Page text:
Bloomberg Sports Analytics is a consulting company that produces proprietary sports analysis which they sell to people who want to buy things like that. Presumably professional sports teams and the occasional news outlet. As a marketing strategy, they like to occasionally release interesting top-line numbers based on the underlying analysis they want to sell to people. This week, they released the results of their league projections for the English Premier League, the Bundesliga, and Ligue 1.
They are willing to say that their methods are advanced, but they say very little about what those methods are. I grant them their business plan, but I have to admit to some skepticism about the methods. They do say that they make use of some proprietary individual player value numbers in putting together the projections. Those latter adjustments are surely complicated, and BSA's individual player value methodology certainly incorporates a lot of Opta data. There's nothing on the site to clearly demonstrate the link between individual player Z-Score and team goals / team points, but the results are at least plausible. Since I have stuck mostly to the team level in my analysis, that's what I'm going to focus on here.
The table below is the Bloomberg projected table by points and goal difference. For clubs that were in the EPL last year, I have also included their 2012-2013 goal difference. For the three promoted clubs, I have listed their G/GA/GD from the championship, marked with a C.
|Club||Proj Pts||Proj GD||12-13 GD||Proj G||Proj GA||12-13 G||12-13 GA|
|West Ham United||46||-9||-8||47||56||45||53|
|West Bromwich Albion||44||-14||-4||47||61||53||57|
|Cardiff City||39||-21||C +27||41||62||C 72||C 45|
|Hull City||33||-30||C +9||36||66||C 61||C 52|
|Crystal Palace||32||-35||C + 11||38||73||C 73||C 62|
As you can see, the table is arranged nearly perfectly in terms of goal difference. The two exceptions—City/United and Stoke/Norwich—actually demonstrate the method Bloomberg is using. Because Stoke scored and allowed so many fewer goals than Norwich, their goals ratio is actually worse even though their arithmetic difference is better. The points numbers are nearly identical to those produced by Howard Hamilton's Soccer Pythagorean method. So I hypothesize that Bloomberg is using projected goals, run through something very similar to Hamilton's Pyth method, as the basis for their points projections.
Update: As has been pointed out in the comments, the BSA Projected Tables FAQ notes that they are using a Monte Carlo simulation to produce projected points. I will be using a similar method, so this will be fun to track over the season.
I also think the similarities between the goal difference numbers, projected and from last year, are notably strong. The correlation coefficient is 0.95. The vast majority of a club's performance in Bloomberg's projections, then, can be explained by their 2012-2013 goal difference.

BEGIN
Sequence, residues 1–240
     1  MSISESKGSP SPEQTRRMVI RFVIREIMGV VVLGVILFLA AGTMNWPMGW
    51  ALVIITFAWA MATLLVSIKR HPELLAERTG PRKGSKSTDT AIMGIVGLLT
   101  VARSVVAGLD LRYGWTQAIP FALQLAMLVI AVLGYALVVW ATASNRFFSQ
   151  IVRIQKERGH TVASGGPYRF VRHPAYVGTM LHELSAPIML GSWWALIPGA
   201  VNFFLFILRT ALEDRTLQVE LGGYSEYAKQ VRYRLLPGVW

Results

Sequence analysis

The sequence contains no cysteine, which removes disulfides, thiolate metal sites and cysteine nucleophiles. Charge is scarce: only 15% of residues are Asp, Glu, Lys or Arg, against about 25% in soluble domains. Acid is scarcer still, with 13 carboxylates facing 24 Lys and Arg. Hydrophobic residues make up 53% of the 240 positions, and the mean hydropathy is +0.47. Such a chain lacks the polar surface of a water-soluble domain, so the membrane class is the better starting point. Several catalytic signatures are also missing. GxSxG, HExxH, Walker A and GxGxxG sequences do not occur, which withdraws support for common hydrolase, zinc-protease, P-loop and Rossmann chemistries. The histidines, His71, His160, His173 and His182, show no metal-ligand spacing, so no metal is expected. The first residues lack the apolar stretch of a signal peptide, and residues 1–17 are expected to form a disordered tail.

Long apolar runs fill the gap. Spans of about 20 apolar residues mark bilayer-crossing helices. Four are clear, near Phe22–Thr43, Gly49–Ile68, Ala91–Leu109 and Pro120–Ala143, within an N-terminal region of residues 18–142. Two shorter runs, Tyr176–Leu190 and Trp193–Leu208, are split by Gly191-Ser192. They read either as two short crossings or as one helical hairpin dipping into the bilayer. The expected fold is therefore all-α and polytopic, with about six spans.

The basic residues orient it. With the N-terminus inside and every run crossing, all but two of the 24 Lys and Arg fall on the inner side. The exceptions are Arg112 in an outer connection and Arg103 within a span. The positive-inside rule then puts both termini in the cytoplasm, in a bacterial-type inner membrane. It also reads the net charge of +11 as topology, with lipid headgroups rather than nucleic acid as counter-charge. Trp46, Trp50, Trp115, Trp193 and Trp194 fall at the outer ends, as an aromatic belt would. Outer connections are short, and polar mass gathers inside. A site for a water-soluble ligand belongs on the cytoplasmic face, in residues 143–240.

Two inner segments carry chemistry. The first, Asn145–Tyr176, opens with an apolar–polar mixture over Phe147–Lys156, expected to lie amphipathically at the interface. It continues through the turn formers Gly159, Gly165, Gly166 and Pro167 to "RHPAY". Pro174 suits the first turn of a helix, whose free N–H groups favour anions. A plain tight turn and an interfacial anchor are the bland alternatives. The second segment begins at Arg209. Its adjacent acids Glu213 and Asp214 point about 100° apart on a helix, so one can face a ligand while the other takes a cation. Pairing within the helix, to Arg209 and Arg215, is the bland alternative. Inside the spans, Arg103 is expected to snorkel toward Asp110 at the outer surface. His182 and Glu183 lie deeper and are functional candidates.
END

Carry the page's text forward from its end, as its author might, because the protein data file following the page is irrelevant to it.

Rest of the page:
This is particularly notable to me because the work I've done this summer has suggested consistently that simple goals scored / goals allowed numbers are too dependent on random variation to be used as a primary basis for football team analysis. Using data like shots in the box on target and big chances, I have argued that Tottenham, Everton, and Southampton were a good bit better than their G/GA numbers, while Arsenal, Manchester United, and West Brom were a good bit worse. I see nothing in this table that correlates with any of the underlying stats.
Bloomberg seems to have basically used G/GA (or perhaps some more complex numbers that ended up summing to G/GA?) to project Spurs, Arsenal, Man United and Southampton. I don't get what happened with Everton and West Brom. West Brom's -4 GD reflected some good fortune, and Bloomberg has docked them. But they didn't dock United at all, and they've got Everton as a roughly .500 club. I would be interested to know what has caused the variations from G/GA projections that you see with a few clubs in the table—also Newcastle—but these are a minority of the clubs. For the most part, it's all about last year's goal difference.
It may be that Bloomberg have some great new methods and analytics. I don't know because I don't work for them. The player analysis that surely went into boosting the stats for Chelsea and Man City is at least interesting, though again all we have are the broadest of strokes. But if I had to speculate, I would hypothesize that their Premier League projections are based mostly on a relatively superficial approach focused mostly on goals scored and goals allowed from the previous season.
The summer of MCofA learns to code because he doesn't have to write his stupid dissertation anymore has ended with some real success. I have written a Monte Carlo simulator in Python which will allow me to run 1,000,000 simulations of the EPL season each week. I have renoobulated the method, as I will discuss in open-sourced detail later, and I believe I have solved the "too few draws" problem that vexed me last year. I will have EPL projections and power rankings every week based on these numbers.
However, the best simulator is only as good as the inputs you give it. I believe that after about ten weeks, the season data will be useful for projections. But what to do for the first ten? I have tried not to criticize Bloomberg here too much for their methodology, because I don't have a better one. I am extremely skeptical of player value analysis in football, but without player value stats you can't reasonably project a club like Chelsea or Man City, or really anyone at all who's made some changes to the roster.
So this is my plan. I will use two parts objective statistical analysis and one part crowd-sourced subjective analysis. I will ask, before the season starts, for projected EPL tables. It's too early yet to ask, since we don't know some very important information about club rosters, but please do get ready to rank. I'll be asking next week.